What Is Taking So Long?

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What Is Taking So Long?
Why the rush (or delay) to marriage can doom your relationship.

If the question is how long you should wait before moving toward marriage in your relationship, my answer is that I don’t really care how long you wait. There is no magic time limit that guarantees success or failure. In fact, the amount of time has very little to do with whether you should move forward. It is possible to wait too long to move your relationship toward marriage. It is also possible not to wait long enough. And yes, there are always exceptions to the rule, but this discussion is about why the probabilities usually prevail.

The best answer is probably somewhere in the middle—between too long and not long enough. I am more concerned about partners who are not on the same page. I am concerned that one partner may be more invested than the other. I am concerned about external forces that couples allow to override the organic trajectory and growth of the relationship.

 

I’m far less concerned with a wedding date.

I admit I cringe a bit when couples marry too quickly. I am always curious as to what is going on that they’re in such a hurry. I get it… we get excited about the opportunity to nest—to plan weddings and shop for dresses and take on mortgages and have babies. We get excited about building something together… something we can count on. But if the relationship is going to live up to the dream, it needs to be resilient and stable, loving and reverent. Marriage needs to be a very sacred space. For that, it needs a strong foundation. And that doesn’t happen in haste.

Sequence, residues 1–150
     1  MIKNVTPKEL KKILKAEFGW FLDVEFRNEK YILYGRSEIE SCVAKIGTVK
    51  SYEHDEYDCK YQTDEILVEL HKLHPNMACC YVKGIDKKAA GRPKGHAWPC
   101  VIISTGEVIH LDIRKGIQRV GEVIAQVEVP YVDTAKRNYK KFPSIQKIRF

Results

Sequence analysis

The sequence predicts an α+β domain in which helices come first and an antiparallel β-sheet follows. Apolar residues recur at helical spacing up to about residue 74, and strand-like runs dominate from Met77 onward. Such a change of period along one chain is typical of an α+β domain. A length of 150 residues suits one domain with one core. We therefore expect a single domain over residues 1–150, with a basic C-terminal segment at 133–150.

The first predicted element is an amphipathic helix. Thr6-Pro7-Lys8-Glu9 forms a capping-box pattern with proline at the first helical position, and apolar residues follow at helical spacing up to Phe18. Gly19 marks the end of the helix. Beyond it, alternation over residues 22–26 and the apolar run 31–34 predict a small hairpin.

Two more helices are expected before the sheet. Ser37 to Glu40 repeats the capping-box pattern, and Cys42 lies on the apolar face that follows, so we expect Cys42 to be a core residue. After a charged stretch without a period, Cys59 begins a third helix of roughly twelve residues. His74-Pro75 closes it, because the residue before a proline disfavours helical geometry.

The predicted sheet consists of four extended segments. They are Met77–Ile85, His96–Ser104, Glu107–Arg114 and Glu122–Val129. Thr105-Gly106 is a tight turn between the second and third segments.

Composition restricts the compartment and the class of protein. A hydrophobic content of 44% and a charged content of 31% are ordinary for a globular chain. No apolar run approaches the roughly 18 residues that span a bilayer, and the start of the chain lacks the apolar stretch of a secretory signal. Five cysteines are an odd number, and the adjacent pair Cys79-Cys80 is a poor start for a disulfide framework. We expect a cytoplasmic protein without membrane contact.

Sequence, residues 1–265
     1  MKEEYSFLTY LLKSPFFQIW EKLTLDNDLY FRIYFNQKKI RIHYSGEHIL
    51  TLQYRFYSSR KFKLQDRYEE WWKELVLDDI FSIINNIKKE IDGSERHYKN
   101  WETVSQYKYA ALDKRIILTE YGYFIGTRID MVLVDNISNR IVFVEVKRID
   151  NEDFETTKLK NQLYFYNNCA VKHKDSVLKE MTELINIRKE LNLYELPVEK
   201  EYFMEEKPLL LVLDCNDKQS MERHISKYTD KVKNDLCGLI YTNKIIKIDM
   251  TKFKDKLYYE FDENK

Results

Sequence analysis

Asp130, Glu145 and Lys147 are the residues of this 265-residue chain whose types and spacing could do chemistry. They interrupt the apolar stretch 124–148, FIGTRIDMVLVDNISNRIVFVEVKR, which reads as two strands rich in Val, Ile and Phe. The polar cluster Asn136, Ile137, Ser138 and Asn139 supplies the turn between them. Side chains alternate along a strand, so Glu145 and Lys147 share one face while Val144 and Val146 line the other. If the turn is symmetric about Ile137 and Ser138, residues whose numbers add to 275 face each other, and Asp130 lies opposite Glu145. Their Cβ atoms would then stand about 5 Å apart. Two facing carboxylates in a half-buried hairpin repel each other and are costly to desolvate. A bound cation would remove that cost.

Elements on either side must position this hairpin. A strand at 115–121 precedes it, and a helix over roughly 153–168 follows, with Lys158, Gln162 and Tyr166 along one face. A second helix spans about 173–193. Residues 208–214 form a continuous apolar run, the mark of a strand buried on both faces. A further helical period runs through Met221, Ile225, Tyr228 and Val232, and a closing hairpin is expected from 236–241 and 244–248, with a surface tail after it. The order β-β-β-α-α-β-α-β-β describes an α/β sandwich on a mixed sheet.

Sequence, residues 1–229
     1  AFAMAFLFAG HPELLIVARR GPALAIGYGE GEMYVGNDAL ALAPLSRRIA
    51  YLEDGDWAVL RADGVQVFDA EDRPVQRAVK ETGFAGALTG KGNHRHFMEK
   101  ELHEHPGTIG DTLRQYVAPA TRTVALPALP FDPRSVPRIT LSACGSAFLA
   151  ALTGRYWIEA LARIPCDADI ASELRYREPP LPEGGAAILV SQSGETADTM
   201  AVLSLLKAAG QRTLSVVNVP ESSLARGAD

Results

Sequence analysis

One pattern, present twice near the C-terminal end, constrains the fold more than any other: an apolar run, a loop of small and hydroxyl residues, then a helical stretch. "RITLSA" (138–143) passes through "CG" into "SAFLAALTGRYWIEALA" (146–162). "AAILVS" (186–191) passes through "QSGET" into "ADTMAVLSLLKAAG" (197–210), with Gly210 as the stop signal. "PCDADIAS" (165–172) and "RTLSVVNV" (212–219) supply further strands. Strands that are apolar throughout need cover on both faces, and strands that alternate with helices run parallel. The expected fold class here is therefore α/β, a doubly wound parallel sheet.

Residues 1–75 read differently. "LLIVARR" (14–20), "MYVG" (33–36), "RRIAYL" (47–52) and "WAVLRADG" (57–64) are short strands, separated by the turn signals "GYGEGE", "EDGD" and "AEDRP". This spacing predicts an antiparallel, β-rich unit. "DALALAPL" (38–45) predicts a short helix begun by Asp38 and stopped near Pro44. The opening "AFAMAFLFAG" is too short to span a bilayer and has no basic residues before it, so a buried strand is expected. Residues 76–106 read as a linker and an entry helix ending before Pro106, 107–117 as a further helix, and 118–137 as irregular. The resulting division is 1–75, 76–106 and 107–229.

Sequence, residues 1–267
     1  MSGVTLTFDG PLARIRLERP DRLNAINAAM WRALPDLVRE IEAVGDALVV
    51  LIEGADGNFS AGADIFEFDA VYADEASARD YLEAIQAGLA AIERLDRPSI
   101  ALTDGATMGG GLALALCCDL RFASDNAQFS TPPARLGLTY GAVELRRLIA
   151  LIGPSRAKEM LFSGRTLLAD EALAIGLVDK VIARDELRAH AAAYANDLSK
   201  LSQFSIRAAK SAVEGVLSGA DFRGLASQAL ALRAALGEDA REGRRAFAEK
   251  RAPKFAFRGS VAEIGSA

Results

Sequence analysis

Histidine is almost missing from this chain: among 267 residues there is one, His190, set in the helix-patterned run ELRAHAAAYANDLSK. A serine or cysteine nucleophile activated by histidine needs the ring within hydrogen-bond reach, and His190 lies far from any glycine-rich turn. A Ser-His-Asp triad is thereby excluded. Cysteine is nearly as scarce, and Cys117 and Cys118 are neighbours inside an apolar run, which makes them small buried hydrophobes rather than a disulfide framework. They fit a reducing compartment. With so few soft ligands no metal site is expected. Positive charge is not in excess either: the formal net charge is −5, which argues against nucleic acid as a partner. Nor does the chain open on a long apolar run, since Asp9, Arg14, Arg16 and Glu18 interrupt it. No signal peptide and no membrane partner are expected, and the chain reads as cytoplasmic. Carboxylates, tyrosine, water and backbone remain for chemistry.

So it is a mistake to go too fast. Couples need to experience each other as life unfolds. In the beginning when everything is shiny and new, it’s easy to count on each other, to be in love, to feel all those wonderful, hopeful things. But passion and love fluctuate. They aren’t meant to be sustained. Eventually, we need to get down to the business of life, and that takes a toll.

In a strong relationship, passion and love are consciously revisited and nurtured. That’s the hard part.

Commitment is a decision, not a feeling. Commitment has the ability to ride the waves of passion and love to sustain the relationship through real challenges. Commitment makes the decision to revisit passion and love over and over again, despite the obstacles of life. Commitment creates the deeper love that makes a relationship truly resilient because it is built on a strong, healthy foundation. By slowing it down from the very beginning, each partner has the opportunity to peel their protective layers and reveal their true vulnerabilities. This is when couples begin to learn whether the relationship is a journey they intend to take together or whether it’s easier to bail out at the first sign of trouble.

It takes time.

 
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